then the book came due again, no renewals. then i went on a trip. then another trip. i neglected the starter, did not refresh it, or even check on it, for weeks and weeks. when i finally took a peek, it was moldy, and destroyed. but, i had received the book as a christmas present, so, i started again, making my own wild yeast starter, from scratch. in fact, i made two. using two different methods(pineapple-juice-based, and mash-based), to compare. i ended up with two separate mother starters in my fridge. since they need to be refreshed regularly, i have been making bread, often as i refresh a starter, and the results have been exciting. i made two more sandwich loaves, a rye metiel, and a straun, incorporating quinoa and cooked brown rice. the straun was a freestanding batard. it spread out considerably on the baking stone, but was fairly light in texture, and so moist and flavorful.
straun, and a close up shot of a free-standing whole wheat loaf
i couldn't distinguish a difference in the two starters i had going in the fridge. the author says they are interchangeable, and since they both seemed healthy, i let one of them go. next i made a straun using rolled oats and cornmeal. carl and i both agreed that this one wasn't as good as the others i'd made. it had a tangy bite to it that neither of us appreciated, and i found it to be too dry, and too heavy.
sandwich loaf, made into sandwiches, and grilled cheese, with yummy tomato soup (carl made the soup)
i had to admit to myself that all of the breads i'd made from this book, were too heavy for my taste, and i wasn't impressed with the quality of the crumb. i wanted to try a more rustic type of bread-- chewy, with big holes. and, i decided i wanted to try one of reinhart's transitional breads, which means they have some white flour mixed in with the whole grain. i figure this is really the only way i am going to get the kind of bread i'm looking for. so, i tried his transitional country hearth bread. the dough was lovely to work with, and satisfying to knead. one of the complaints i have had about the other breads in this book, is that the dough is very wet and sticky. he recommends wetting your hands as you knead the dough, to prevent sticking. i guess it works, but it is so unpleasant. this dough, by contrast, was soft and supple, and felt so good in my hands. this dough also did not require the wild yeast starter i have in my fridge. instead i made a biga, with comercial yeast, and left it in the fridge overnight, for a slow rise. the dough is more that 50% whole wheat, which is still a lot more hearty than most commercial breads that i like.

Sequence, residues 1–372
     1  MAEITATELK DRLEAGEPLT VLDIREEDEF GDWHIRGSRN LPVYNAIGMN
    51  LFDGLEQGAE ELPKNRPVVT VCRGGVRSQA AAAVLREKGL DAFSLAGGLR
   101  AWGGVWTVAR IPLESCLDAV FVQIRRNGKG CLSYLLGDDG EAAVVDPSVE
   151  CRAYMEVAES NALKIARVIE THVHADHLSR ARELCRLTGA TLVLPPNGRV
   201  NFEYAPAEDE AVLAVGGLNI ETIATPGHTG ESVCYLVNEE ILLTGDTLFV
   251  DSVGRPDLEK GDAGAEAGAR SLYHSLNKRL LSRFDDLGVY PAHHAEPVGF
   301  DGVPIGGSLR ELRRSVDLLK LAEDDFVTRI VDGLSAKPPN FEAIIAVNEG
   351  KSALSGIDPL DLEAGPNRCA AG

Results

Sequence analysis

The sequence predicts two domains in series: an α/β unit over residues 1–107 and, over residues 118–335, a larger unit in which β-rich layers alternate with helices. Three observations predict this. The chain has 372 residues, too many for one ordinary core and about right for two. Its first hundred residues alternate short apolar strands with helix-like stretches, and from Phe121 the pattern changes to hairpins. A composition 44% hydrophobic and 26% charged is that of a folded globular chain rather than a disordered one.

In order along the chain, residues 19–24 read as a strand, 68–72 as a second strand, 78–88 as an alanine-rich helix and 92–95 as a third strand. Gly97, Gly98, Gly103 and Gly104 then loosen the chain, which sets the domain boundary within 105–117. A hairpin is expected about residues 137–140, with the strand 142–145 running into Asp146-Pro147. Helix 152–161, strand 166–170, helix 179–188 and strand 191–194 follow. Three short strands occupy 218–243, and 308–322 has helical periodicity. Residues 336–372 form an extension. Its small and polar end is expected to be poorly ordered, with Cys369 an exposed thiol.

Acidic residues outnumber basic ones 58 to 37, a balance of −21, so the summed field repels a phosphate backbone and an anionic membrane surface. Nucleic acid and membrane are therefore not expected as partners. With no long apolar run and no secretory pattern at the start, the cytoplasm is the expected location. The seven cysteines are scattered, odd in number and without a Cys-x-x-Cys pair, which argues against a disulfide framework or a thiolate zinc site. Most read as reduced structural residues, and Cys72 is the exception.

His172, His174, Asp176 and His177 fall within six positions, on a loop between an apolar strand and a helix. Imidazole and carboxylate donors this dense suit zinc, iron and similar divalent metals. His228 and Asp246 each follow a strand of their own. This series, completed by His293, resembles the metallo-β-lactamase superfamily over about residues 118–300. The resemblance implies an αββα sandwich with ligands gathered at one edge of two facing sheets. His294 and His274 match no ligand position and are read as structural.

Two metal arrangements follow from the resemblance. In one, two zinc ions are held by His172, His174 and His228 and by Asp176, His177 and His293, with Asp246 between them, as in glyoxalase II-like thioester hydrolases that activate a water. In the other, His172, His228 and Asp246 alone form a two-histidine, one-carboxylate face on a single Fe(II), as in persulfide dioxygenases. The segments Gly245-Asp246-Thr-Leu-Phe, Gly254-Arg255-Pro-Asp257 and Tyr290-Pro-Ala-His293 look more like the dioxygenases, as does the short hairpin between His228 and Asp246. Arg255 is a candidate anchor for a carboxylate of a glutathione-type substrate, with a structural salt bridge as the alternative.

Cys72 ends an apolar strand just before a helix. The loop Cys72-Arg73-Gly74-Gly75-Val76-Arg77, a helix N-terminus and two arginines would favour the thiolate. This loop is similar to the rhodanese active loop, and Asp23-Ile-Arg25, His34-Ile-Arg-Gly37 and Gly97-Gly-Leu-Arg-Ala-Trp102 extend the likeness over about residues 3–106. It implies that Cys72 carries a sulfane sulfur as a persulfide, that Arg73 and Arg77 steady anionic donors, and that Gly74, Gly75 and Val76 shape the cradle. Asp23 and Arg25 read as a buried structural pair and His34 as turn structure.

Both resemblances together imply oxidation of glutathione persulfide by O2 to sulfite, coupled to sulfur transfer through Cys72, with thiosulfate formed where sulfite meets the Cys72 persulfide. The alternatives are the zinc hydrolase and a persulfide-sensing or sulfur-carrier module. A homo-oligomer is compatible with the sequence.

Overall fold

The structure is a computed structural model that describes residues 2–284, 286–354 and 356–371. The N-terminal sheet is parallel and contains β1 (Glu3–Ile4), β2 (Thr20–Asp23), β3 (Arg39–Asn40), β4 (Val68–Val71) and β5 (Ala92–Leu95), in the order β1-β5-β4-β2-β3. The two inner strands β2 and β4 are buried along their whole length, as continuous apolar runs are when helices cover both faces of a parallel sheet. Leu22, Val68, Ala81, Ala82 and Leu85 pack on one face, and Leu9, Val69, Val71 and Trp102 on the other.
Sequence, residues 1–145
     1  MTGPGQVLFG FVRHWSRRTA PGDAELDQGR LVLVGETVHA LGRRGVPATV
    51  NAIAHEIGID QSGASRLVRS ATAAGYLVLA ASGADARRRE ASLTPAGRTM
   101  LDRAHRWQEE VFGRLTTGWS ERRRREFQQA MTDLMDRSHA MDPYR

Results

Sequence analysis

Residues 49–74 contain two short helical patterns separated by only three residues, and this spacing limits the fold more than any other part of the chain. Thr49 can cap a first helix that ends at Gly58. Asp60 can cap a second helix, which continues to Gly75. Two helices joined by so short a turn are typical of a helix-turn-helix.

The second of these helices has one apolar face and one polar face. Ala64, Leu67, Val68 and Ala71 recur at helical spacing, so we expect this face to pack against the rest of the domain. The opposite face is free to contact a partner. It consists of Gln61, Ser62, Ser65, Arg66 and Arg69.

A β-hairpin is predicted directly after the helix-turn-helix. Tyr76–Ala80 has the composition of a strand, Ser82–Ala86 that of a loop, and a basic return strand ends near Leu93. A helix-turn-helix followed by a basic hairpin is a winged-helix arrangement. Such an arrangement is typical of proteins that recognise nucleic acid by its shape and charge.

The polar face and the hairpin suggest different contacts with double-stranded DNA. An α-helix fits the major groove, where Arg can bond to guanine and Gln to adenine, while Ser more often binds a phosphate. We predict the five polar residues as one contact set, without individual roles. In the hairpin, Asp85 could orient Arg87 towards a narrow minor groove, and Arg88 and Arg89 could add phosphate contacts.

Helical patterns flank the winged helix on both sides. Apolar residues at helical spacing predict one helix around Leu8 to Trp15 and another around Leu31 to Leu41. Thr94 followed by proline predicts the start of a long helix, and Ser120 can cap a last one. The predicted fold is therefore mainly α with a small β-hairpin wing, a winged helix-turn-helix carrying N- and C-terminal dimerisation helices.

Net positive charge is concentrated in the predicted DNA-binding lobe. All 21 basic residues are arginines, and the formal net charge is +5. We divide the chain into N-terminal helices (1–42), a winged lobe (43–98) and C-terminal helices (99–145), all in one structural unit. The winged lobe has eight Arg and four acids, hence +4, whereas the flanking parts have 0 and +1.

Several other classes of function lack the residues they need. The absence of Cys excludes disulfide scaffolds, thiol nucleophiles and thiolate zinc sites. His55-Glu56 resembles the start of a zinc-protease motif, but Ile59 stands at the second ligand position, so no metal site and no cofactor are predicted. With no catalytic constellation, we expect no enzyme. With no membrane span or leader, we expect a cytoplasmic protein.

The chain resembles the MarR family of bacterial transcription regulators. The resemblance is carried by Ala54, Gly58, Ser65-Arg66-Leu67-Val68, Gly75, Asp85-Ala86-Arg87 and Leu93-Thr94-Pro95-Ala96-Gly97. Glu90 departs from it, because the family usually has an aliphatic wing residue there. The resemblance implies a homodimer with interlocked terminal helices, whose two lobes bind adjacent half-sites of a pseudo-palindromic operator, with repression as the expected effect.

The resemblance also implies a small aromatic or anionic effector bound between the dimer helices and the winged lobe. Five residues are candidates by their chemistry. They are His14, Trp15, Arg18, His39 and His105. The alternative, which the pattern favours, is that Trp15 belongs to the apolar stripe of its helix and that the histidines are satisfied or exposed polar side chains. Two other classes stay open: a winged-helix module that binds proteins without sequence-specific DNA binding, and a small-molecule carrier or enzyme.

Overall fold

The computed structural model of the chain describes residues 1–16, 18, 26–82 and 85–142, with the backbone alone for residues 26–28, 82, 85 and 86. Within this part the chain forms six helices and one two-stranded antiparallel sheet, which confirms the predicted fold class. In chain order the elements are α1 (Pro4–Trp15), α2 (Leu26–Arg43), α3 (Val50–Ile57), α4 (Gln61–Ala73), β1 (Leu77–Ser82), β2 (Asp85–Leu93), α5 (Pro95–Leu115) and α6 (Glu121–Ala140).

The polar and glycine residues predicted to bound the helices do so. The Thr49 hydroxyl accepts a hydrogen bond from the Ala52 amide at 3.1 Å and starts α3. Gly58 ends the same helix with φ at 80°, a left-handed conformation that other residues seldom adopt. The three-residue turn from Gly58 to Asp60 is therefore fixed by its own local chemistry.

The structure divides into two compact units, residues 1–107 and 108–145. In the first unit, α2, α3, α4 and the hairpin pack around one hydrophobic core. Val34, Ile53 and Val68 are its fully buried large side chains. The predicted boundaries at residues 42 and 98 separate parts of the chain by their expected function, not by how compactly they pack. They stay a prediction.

transitional country hearth bread
i made three mini baguettes, which puffed up in the oven, forming lovely rounded loaves, with crispy crusts and superb flavor. while this bread was not perfect, it is definitely the direction i want to head in with my future bread baking.
i skimmed through the book, picking out breads that i wanted to try, and found that all of them call for the biga instead of the wild yeast starter. i find that maintaining the starter is a pain in the ass, there is a lot of waste (i have to throw out 75% of it, each time i refresh it), and it takes up tons of room in our small fridge. since i do not really prefer the breads that are made with it, i think i am going to let it go.
my bread journal
i've been keeping a bread journal, to keep track of the various schedules for each bread, what kinds of grains i have tried, and my thoughts about each bread. it's a great winter hobby, warms up the house, and, let's face it, homemade bread, fresh, slightly warm, with butter on it...can't be beat.